Possibly no judge had a greater influence on copyright law in the twentieth century than Learned Hand. Nichols v. Universal Pictures and Peter Pan Fabrics are foundational cases in most textbooks; Sheldon v. MGM and Fred Fisher v. Dillingham used to be. And although he did not write the opinion, Hand was on the panel that decided Arnstein v. Porter.
Part of the reason for Hand’s enduring popularity is that he was a brilliant writer, and his aphorisms about copyright law continue to appeal to a skeptical age. In Nichols, he famously declared with respect to the distinction between uncopyrightable idea and copyrightable expression, “Nobody has ever been able to fix that boundary, and nobody ever can.” In Shipman v. RKO Pictures: “The test is necessarily vague and nothing more definite can be said about it.” In Dellar v. Samuel Goldwyn, Inc., decided per curiam but attributed to Hand: “[T]he issue of fair use … is the most troublesome in the whole law of copyright.” In Peter Pan Fabrics v. Martin Weiner Corp.: “The test for infringement of a copyright is of necessity vague…. In the case of designs, which are addressed to the aesthetic sensibilities of an observer, the test is, if possible, even more intangible.”
To modern ears, these sound like (and are often quoted as) criticisms of copyright law. A vague, ineffable test is an unworkable test, one that offers no guidance to lower courts or juries and is therefore hardly better than no test at all. But to read Hand in this way to read him anachronistically.
Hand saw the inexpressible nature of the test for infringement as, not a problem, but rather an indication it was a task tailor-made for judicial discretion. This is clear from reading the above quotations in context, none of which despairs at the notion that infringement can be reasonably decided. The opinions rather brim with confidence that such determinations can be reliably made. Take the conclusion of Sheldon v. MGM: “That as it appears to us is exactly what the defendants have done here; the dramatic significance of the scenes we have recited is the same, almost to the letter.” In Nichols, despite his statements about the amorphous idea-expression “boundary,” Hand firmly concluded that what Universal took was “only a part of [Nichols’s] ‘ideas.’” In Hein v. Harris and Fred Fisher v. Dillingham, Hand himself identified the similar passages in the plaintiff’s and defendant’s musical compositions and found infringement. In Peter Pan, the court proceeded “to estimate how far [the fabric’s] overall appearance will determine its aesthetic appeal when the cloth is made into a garment.” In Hand’s view, although the test for infringement could not be expressed in words, judges were fully capable of deciding infringement by a subjective comparison of the two works. Again from Nichols: “We have to decide how much, and while we are as aware as any one that the line, wherever it is drawn, will seem arbitrary, that is no excuse for not drawing it; it is a question such as courts must answer in nearly all cases.”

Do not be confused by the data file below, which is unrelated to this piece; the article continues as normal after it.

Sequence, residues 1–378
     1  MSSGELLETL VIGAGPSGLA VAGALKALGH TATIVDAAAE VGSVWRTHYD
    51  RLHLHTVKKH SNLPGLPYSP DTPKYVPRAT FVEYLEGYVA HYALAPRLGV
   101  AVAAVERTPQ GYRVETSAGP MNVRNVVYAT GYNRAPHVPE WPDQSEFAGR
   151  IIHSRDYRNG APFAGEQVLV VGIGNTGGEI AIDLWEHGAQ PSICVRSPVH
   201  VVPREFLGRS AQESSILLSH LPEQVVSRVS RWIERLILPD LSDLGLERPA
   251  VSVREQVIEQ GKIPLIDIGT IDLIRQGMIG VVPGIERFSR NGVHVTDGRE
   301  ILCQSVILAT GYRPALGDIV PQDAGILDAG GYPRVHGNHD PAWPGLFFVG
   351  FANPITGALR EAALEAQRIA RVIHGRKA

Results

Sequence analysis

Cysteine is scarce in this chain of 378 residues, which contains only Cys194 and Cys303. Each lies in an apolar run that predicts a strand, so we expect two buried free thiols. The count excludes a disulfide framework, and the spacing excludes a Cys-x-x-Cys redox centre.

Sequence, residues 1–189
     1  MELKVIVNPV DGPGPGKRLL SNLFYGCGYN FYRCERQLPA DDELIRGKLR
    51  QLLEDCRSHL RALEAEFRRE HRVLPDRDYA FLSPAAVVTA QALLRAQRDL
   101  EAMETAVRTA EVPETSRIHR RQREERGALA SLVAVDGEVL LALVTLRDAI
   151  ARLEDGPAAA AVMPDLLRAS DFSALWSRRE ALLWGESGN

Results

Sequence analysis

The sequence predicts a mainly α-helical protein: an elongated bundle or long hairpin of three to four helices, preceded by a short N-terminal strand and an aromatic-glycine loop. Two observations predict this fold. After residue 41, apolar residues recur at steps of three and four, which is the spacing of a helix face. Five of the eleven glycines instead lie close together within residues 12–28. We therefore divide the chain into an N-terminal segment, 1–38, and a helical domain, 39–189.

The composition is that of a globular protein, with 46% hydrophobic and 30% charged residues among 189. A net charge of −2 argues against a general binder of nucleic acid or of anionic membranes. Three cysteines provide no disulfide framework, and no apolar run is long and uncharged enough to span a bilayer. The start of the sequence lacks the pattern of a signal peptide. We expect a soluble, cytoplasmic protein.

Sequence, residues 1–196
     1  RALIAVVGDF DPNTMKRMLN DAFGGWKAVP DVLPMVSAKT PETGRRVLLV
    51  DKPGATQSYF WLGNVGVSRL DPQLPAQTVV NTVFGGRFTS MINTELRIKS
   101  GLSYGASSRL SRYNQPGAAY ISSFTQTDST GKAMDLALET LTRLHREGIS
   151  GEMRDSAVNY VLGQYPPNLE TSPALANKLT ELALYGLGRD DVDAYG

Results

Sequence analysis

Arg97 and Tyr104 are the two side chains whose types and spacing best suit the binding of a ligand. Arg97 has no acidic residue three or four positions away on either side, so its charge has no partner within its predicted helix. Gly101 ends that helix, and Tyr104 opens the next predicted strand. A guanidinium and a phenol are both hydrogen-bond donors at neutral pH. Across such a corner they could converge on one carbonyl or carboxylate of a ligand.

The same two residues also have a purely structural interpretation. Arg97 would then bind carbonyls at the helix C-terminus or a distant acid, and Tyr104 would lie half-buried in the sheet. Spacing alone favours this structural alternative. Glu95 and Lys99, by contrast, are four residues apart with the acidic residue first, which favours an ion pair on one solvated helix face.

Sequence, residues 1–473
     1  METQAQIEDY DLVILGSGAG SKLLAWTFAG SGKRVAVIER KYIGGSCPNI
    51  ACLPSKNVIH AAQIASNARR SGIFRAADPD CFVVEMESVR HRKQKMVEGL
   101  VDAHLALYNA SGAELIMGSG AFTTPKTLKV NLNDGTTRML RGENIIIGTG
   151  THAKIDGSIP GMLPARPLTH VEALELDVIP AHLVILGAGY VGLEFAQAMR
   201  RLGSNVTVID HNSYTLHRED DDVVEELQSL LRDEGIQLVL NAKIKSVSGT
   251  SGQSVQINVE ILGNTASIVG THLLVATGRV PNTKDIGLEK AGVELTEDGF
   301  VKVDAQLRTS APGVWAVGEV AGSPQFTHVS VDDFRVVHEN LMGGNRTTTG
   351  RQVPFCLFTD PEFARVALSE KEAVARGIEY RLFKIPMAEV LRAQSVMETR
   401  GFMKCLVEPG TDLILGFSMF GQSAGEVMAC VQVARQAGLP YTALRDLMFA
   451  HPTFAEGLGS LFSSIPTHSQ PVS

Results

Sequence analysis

This view of judging—that the judge can reliably perform a subjective analysis of two works that can’t be put into words for the benefit of others—is not one widely celebrated today. When and why that changed is the subject of Monday’s post. But for now, it is worth noting that Arnstein v. Porter, the basis of the modern test for infringement, is clearly the product of the Hand court.
As I mentioned yesterday, Arnstein was the culmination of a series of cases confronting a persistent difficulty in how infringement determinations were to be made. The Arnstein court resolved a split in authority within the Second Circuit between opinions that engaged in a thorough examination of the details of the two works, and opinions that took a more holistic, “ingenuous” approach. The solution, Judge Jerome Frank declared in Arnstein, was to combine the two prior approaches into a new, two-part test for infringement. The first part would engage in the forensic inquiry of whether any actual copying had occurred. The second part would determine infringement. In other words, the second part is where the action is in a case where some influence is admitted. And the test for the second part was extremely vague:
The question, therefore, is whether defendant took from plaintiff’s works so much of what is pleasing to the ears of lay listeners, who comprise the audience for whom such popular music is composed, that defendant wrongfully appropriated something which belongs to the plaintiff.
But how much does it take to “wrongfully appropriate”? The opinion doesn’t say.
It seems odd to modern eyes that Arnstein goes through all the trouble of spelling out a two-part test in great detail, and then has almost nothing to say about the crucial second step except to leave it to the decisionmaker’s unguided determination of what is “wrongful.” It makes more sense, however, if such equitable decisionmaking was viewed as a perfectly normal and expected way for a court to reach a result.
Judge Frank’s assignment of this task to the jury was in line with his commitment to Legal Realism. The Legal Realists are hard to define as a school, but one thing they appeared to agree on is that courts should move away from defining legal categories and toward more open policy-based decisionmaking. Another common Legal Realist move was to give at least some of that policy-making power to the jury. Thus, in negligence law, the Realists moved away from formulaic categorical determinations of the duties owed by defendants to prevent harm and by plaintiffs to avoid harm, and pushed the critical part of the negligence determination toward a more case-specific inquiry into the question of breach: did the defendant take objectively reasonable precautions to prevent harm to others? And that was declared to be quintessentially a jury question: the jury was in the best position to determine as a policy matter community standards of care in light of ordinary risks.